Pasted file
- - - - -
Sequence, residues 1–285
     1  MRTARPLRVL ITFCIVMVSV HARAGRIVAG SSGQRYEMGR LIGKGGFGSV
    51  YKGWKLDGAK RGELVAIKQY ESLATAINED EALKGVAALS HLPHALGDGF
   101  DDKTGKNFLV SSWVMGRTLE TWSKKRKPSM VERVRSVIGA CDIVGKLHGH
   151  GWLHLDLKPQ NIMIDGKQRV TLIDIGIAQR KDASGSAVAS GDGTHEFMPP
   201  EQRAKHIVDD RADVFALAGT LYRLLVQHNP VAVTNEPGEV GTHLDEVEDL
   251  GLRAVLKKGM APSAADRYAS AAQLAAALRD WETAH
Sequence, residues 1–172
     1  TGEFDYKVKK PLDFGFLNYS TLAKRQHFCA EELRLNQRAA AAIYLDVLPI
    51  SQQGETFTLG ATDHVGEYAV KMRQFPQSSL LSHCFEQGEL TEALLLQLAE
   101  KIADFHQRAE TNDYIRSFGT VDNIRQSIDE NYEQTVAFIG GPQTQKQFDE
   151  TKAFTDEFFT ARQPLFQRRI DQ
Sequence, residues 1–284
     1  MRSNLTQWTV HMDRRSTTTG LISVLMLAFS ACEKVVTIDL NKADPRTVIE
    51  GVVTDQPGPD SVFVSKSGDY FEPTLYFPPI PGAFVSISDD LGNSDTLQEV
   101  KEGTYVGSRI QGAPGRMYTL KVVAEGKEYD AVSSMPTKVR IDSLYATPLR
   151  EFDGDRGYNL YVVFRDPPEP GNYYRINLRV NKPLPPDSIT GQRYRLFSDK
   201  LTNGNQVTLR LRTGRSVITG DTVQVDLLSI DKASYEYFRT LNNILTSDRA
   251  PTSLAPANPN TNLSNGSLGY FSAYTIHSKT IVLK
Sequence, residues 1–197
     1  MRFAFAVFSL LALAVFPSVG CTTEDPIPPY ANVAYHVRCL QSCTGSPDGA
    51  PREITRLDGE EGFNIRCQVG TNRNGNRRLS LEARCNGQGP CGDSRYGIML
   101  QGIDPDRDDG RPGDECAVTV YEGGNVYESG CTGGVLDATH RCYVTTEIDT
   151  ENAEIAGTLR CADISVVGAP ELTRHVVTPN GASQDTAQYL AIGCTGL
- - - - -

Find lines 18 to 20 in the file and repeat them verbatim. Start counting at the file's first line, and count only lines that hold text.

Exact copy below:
   201  LTNGNQVTLR LRTGRSVITG DTVQVDLLSI DKASYEYFRT LNNILTSDRA
   251  PTSLAPANPN TNLSNGSLGY FSAYTIHSKT IVLK
Sequence, residues 1–197